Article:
The Elections of 1980, 1984, and 1988

Ronald Reagan (489 Electoral Votes)
Jimmy Carter (49 Electoral Votes)

Ronald Reagan (525 Electoral Votes)
Walter Mondale (13 Electoral Votes)

George Bush (426 Electoral Votes)
Michael Dukakis (111 Electoral Votes)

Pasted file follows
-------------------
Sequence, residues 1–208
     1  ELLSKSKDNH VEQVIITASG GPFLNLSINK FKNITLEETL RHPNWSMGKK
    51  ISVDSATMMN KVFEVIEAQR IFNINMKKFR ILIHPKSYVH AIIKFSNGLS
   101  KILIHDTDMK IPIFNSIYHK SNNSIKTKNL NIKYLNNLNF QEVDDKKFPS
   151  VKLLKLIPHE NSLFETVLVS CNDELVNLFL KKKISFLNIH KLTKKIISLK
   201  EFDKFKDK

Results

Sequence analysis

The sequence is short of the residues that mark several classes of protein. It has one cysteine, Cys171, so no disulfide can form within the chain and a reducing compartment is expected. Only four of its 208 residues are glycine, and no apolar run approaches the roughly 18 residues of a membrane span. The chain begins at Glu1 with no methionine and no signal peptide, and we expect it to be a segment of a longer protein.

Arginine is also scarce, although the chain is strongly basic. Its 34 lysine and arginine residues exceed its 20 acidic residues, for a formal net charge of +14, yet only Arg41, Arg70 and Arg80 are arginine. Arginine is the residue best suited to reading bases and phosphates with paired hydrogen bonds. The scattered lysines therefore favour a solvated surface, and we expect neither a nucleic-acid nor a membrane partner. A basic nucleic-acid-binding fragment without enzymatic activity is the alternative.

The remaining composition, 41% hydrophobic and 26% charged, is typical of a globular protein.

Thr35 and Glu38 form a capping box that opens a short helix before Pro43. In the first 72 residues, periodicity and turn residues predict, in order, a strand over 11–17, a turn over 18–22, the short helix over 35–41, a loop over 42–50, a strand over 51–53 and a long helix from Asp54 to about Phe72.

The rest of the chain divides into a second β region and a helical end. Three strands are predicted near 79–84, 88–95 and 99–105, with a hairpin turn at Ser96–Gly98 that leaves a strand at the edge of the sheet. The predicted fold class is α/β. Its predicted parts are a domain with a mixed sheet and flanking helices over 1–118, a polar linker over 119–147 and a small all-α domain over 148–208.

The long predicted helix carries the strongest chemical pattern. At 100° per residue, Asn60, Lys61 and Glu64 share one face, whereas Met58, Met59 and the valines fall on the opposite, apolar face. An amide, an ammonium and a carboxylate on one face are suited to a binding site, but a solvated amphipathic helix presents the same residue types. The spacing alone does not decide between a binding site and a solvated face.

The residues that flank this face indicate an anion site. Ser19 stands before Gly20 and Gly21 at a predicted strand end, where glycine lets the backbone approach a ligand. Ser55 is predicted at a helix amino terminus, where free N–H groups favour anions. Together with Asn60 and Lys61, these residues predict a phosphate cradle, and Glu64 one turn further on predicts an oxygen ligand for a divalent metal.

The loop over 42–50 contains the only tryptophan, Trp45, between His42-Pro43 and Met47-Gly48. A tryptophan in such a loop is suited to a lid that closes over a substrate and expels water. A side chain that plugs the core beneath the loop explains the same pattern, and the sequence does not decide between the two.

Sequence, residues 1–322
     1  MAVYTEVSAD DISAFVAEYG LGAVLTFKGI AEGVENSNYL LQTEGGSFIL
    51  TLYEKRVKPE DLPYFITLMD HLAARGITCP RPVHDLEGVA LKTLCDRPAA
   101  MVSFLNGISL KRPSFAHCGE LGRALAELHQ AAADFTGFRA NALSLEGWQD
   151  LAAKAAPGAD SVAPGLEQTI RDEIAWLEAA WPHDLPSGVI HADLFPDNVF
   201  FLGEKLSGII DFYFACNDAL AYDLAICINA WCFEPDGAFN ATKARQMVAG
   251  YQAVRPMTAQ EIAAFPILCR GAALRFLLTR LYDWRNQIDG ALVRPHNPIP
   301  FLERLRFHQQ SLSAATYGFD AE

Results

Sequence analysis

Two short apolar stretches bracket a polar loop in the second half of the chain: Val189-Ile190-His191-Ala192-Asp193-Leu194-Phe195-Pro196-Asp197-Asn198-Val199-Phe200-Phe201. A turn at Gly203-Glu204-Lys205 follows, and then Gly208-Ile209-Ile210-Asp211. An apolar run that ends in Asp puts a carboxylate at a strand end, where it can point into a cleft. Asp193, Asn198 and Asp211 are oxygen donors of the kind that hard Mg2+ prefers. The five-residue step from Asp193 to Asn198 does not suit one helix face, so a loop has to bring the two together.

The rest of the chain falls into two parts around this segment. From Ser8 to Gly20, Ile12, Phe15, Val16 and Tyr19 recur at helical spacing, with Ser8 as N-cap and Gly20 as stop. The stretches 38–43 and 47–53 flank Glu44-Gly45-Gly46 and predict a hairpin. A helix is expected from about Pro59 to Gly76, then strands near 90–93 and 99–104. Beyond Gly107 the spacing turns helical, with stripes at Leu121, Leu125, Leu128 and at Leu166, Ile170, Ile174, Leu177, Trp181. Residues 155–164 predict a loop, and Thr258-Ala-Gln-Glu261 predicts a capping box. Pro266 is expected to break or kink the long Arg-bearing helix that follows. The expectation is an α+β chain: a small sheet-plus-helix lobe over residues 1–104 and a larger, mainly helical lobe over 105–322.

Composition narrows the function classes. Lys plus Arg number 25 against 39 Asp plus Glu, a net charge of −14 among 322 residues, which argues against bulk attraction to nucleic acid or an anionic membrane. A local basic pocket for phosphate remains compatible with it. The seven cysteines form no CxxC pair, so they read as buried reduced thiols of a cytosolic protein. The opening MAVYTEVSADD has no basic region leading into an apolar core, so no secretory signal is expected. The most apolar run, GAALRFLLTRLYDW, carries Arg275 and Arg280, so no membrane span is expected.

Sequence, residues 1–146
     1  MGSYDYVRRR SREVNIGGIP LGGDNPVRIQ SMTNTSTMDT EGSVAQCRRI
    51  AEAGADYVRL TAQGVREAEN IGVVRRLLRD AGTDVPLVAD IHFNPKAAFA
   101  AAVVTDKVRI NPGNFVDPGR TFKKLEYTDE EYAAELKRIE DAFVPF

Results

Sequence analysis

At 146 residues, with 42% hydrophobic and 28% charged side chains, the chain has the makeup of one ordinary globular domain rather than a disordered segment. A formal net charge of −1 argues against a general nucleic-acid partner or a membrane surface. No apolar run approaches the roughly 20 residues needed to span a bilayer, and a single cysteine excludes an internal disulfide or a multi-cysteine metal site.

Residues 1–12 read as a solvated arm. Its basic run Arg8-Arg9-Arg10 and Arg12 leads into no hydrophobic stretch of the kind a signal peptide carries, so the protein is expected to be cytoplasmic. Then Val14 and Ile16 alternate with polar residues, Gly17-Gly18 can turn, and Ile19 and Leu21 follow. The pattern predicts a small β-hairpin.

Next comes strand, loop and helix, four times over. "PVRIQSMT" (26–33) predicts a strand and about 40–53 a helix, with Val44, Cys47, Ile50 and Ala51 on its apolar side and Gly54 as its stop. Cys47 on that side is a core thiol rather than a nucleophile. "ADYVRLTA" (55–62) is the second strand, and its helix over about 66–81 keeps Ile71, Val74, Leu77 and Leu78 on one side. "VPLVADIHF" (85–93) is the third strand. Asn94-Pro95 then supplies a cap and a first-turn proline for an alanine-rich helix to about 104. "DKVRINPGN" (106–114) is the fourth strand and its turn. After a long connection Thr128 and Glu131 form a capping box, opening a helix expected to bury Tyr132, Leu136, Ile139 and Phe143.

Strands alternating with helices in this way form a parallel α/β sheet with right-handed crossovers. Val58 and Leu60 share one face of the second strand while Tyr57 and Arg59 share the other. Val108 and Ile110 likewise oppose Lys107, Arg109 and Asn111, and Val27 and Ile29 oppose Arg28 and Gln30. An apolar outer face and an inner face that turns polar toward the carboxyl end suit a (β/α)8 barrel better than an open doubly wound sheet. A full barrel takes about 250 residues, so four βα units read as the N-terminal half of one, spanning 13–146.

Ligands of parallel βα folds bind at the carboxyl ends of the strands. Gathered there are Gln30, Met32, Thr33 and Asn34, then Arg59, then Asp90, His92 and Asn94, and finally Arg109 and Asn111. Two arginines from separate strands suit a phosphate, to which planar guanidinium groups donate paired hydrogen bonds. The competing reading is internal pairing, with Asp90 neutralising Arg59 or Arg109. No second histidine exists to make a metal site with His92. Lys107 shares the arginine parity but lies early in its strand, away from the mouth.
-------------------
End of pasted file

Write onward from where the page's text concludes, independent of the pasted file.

Jimmy Carter’s administration produced well-crafted policy initiatives to deal with things like the energy crisis, civil service reform, and deregulation of the airline and trucking industries. The initiatives were, however, not always politically astute, and Carter lacked the ability to wheel, deal, cajole, and flatter enough to get his way.  He had some significant achievements in foreign policy, including the Panama Canal treaty, recognition of China, the Camp David peace agreement, and the campaign for human rights.  But he was probably doomed as soon as he made a speech that seemed to blame the voters for America’s economic problems in the midst of a gasoline shortage.  (He did not actually use the word “malaise,” but the speech quickly got that label.)  His fate was certainly sealed, however, by the humiliating hostage crisis with Iran.  In 1980, Republican Ronald Reagan used his skillful delivery (“I am paying for this microphone, Mr. Green”) and exquisite sense of timing (“There you go again”) to overcome fears that his views were too extreme.  Carter suffered the first defeat by an incumbent president since Herbert Hoover.  He went on to become our most distinguished ex-President since John Quincy Adams.  Reagan got off to a rocky start as the country entered a stiff recession, but his tax cuts and increased military spending helped to stimulate a recovery, as well as his sunny disposition even after an assassination attempt (“Honey, I forgot to duck”), won the country over.  In 1984, the Democrats reached rock bottom as a presidential party when former Vice President Walter Mondale won only his native Minnesota against Reagan.  There was nowhere for the Democrats to go but up, and although Massachusetts governor Michael Dukakis brought the party half-way back in 1988, he was unable to prevent Vice President George (“Read my lips: no new taxes”) Bush from winning Reagan’s third term.


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